I got myself set up on the Dexcom last month, which I wrote about in my last post here, and I was able to trust it pretty quickly. Within a few days, I quickly realised that I no longer had to worry about all of those imperfections that accompanied the Libre. It was just accurate 95% of the time. That definitely improved my attitude towards my blood sugars, because I wasn’t seeing so many false upward arrows or accentuated blood glucose readings.

The system requests two calibrations every twelve hours with a finger prick, and I would say that this is the most important piece of maintenance that the system asks of me. I learned the hard way not to over-calibrate my CGM, even if the reading was a little out from my meter. Quality over quantity wins out here. I think it’s important to calibrate with clean hands, and when my blood glucose is in range and not moving too much. For me, that’s first thing in the morning, and just before dinner. The system learns from each and every calibration, and a new calibration does not ‘replace’ your last one.

The sensors are technically only approved for seven day wear, but can simply be ‘restarted’ at the end of their life. I got 21 days out of my first sensor on my tummy with great accuracy. It was a good choice for a first placement, however it did tend to annoy me while I was sleeping and I can’t say I liked the sight of it there. Sensor number 2 is on my arm, and I love how out-of-the-way it is there so far.

The alerts don’t bother me too much, as I’m generally able to manage my blood glucose quite well. It is nice to have the alert wake me up if I go out of range at night, which enables me to correct it rather than wake up high and struggle to bring it down. The low alarm is also a nice reminder for me not to put off treating my low.

So far, I am absolutely loving the convenience that CGM offers. I acknowledge just how privileged I am to be saying that. It’s so nice to simply glance at my phone at any given moment to see what my blood sugar is doing. I appreciate this more than anything in the middle of the night, when I don’t have to haul myself up and prick my finger. It’s also nice to be able to leave the house for a short time with nothing more than my iPhone and glucose tabs. It definitely doesn’t feel as hard as it previously did to keep my blood glucose within my target range of 4 to 8 mmol.

On a final (and more personal) note, I just wanted to say a massive thank you to the Diabatteries Down Under community and the kindness of strangers that have helped make CGM much, much more affordable than I ever thought was possible.

So far, I couldn’t be happier to have taken this leap.


At around 8 o’clock on Friday night, as I was sitting in front of my MacBook revising through Company Law notes trying to stifle my yawning, it dawned on me that I had marked one year on my t:slim.

Pump fatigue had accompanied me for the majority of the two and a half years that I had been pumping insulin prior to the t:slim. That could be partly attributed to the significant adjustment and learning associated with a new method of insulin delivery. The high personal expectations that I’d set for myself probably didn’t help my cause, either.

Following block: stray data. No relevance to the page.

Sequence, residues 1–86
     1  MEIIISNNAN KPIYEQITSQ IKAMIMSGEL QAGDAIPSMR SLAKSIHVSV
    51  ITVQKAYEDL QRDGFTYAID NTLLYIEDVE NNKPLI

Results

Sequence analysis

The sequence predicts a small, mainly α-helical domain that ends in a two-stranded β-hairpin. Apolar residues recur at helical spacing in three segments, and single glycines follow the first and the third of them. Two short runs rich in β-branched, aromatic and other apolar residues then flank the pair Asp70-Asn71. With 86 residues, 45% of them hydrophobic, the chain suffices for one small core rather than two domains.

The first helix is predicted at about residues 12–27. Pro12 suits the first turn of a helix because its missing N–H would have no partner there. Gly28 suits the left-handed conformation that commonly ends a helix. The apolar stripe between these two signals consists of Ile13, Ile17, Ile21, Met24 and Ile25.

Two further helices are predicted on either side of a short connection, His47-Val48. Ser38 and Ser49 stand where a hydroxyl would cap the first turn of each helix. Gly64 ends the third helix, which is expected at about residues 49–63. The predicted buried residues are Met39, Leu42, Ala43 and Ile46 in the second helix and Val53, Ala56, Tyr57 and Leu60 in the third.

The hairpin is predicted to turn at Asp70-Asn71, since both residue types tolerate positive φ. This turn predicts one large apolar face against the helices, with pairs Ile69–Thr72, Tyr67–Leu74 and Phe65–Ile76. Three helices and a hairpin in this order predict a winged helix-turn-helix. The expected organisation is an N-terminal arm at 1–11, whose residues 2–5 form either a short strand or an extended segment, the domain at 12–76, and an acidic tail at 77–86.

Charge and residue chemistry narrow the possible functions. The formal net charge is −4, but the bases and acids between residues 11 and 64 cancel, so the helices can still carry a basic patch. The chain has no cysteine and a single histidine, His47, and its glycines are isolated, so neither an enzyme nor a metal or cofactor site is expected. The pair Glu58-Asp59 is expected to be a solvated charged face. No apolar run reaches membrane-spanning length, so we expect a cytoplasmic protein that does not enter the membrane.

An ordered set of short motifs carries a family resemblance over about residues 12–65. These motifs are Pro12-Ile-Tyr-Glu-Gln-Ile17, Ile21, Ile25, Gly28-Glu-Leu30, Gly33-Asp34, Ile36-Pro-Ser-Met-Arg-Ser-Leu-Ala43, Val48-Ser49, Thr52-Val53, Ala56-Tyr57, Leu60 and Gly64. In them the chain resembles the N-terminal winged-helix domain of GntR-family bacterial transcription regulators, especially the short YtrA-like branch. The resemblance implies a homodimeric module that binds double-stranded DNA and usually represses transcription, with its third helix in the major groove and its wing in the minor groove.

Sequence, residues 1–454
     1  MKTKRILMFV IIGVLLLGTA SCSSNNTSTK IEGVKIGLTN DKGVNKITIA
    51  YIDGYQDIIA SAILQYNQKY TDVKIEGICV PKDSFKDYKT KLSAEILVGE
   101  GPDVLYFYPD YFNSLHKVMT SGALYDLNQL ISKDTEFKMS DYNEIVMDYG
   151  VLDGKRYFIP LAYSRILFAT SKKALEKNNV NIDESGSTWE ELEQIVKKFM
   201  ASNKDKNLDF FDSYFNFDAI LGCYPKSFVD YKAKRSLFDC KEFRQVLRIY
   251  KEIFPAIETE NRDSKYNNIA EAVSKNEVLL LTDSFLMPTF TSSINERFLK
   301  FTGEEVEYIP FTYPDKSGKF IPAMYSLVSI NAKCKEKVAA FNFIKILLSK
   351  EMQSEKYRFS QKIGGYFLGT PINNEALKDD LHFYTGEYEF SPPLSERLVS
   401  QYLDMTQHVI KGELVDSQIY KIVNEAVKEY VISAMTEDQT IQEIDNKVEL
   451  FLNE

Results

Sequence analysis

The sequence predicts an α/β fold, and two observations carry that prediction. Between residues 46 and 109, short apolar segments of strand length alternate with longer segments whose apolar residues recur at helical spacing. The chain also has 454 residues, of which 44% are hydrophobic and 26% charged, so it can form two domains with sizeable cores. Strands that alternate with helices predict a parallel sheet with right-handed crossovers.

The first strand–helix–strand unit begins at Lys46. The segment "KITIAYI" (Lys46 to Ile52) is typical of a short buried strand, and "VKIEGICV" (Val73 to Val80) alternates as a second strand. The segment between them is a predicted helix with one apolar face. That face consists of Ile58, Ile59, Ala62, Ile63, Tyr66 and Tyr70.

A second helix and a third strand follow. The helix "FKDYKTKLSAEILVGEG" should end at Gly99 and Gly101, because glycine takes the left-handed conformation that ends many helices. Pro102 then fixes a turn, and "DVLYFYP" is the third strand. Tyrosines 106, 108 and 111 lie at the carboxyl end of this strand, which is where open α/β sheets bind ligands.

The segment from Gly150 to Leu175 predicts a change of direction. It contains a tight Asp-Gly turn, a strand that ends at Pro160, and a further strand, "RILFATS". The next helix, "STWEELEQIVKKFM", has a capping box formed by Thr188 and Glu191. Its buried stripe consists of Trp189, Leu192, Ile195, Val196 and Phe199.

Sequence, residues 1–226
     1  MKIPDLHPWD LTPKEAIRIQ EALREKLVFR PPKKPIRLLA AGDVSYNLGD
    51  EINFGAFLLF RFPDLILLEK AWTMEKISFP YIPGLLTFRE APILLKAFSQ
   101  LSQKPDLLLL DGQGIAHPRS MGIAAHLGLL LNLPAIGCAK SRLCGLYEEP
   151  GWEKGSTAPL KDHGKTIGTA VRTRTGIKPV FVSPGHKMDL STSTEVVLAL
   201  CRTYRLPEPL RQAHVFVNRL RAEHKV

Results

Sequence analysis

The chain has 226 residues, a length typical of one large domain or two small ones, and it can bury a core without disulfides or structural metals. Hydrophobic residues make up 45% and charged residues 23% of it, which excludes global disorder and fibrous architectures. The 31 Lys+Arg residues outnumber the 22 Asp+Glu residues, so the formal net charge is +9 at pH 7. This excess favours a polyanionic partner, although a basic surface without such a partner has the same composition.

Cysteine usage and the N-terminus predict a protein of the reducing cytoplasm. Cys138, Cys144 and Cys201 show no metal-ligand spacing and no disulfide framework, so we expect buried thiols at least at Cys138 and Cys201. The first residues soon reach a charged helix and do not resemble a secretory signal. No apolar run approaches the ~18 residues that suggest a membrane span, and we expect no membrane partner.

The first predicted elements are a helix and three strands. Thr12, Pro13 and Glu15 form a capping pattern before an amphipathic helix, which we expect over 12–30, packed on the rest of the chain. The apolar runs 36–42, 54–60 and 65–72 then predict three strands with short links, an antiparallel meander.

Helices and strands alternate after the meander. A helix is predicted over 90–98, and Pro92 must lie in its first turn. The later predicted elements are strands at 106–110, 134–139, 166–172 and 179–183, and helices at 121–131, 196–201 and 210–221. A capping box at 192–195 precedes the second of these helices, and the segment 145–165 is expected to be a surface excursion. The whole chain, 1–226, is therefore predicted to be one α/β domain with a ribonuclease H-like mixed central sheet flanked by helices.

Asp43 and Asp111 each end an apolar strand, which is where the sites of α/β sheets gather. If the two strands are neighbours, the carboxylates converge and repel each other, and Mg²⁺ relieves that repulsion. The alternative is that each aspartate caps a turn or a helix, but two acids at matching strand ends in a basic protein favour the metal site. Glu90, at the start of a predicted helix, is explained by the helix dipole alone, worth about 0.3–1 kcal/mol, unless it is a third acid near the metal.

But the other significant reason for that pump fatigue was that I was bored. Diabetes is such a monotonous condition to live with. Waking up and doing the same thing every day, over and over again does little to excite me. When my long term health is on the line, I need my diabetes tools and technologies to motivate me to keep doing this for the rest of my life until the cure arrives in five years’ time.

My late Animas Vibe was doing little for me in that department. Quite frankly, it was something that belonged in the last decade. Quite possibly even the ’90s. It was chunky. It’s clip wobbled all the time. It’s skin quickly began to peel in various places. Navigating that pump was like navigating a game of Tetris.

There were times where the pump itself really bothered me towards the end. I so badly longed for something new and exciting. The market here in Australia was looking extremely dire of choices at the time, and never in a million years did it look like there was even a remote possibility of Tandem’s beautiful little pump hitting our shores.

Thanks in part to the demise of Animas, the t:slim finally landed Down Under last year – and it was everything I had been longing for in an insulin pump for such a long time. Small. Modern interface. Highly customisable settings. Could easily be mistaken for a smartphone. By far, my favourite thing about this pump is its size. I did miss having a clip in the beginning, but now I love being able to discreetly tuck the pump into my waistband when I’m dressed for work with ease.

Like any new piece of diabetes kit, it was definitely an adjustment. Particularly learning how to fill those black cartridges and developing a sixth sense for fill flaws.

Reflecting on the past year, I think the biggest change I’ve noticed is that the pump fatigue is all but gone. I can honestly say that I still love picking up this pump and administering insulin just as much as I did on day one. My pump definitely supports my motivation to manage my diabetes, and that is definitely something that I’m keeping in mind with a pump upgrade on the horizon in the New Year.


P.S. No disclosures to report here – I just really love my t:slim!